Foy Valentine, a pioneer in Christian ethics and civil rights and founding editor of Christian Ethics Today
, died suddenly January 7 at age 82. Valentine headed the Christian Life Commission of the Southern Baptist Convention from 1960-1987, and was described by longtime Baptist Press director W.C. Fields as "the most significant civil rights leader among Southern Baptists during the 1960s, '70s and '80s." Speaking of Valentine's deep conviction on issues of racial equality, Fields said, "During those dark days, when civil rights was such an explosive issue, Foy always was well-informed, sure of the Christian approach, and he had the courage to follow through on his convictions. His courage was amazing." Lifelong friend and colleague Jimmy Allen said, "He was legitimately a 20th century prophet. He was a pioneer in Christian ethics, civil rights and religious liberty. He dealt with the hardest kind of issues in a prophetic fashion." In 1971, Valentine was instrumental in the Southern Baptist Convention's adoption of a resolution affirming a right to abortion in some cases. Because of his progressive stance on abortion and other volatile issues, Valentine was often targeted by SBC conservatives. After Valentine's retirement from the SBC Christian Life Commission (now the Ethics and Religious Liberty Commission) in 1987, he founded the Center for Christian Ethics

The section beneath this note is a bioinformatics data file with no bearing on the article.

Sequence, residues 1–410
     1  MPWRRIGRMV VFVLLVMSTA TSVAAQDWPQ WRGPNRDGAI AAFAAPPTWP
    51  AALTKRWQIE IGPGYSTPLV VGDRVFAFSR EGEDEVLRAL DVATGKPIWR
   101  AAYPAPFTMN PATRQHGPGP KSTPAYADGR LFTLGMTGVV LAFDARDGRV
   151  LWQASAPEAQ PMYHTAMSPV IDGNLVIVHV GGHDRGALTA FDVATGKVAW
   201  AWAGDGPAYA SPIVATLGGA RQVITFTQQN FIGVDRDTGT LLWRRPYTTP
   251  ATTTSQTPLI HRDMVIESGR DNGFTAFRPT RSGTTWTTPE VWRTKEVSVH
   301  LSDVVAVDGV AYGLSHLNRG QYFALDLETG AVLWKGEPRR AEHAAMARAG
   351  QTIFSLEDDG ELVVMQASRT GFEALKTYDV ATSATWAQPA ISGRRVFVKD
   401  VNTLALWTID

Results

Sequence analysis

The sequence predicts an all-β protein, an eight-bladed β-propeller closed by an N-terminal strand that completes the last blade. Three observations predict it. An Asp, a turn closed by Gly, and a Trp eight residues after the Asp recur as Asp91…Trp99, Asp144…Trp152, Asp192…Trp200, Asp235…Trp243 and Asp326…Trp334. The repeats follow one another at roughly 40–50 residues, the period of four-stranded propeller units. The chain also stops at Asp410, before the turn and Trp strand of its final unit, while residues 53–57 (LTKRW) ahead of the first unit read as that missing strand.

, now connected to Baylor University. He was founding editor of the Journal of Christian Ethics
, a trustee of Americans United for the Separation of Church and State
, and involved in the leadership of other national groups. W.C. Fields remembered that Valentine "was a natural leader. He was willing to stand out there alone, to fall, to get back up and to fall again, if necessary." The memorial service for Foy Valentine was held Wednesday, January 11, at Park Cities Baptist Church
in Dallas, Texas. A private burial followed in his hometown of Edgewood, Texas.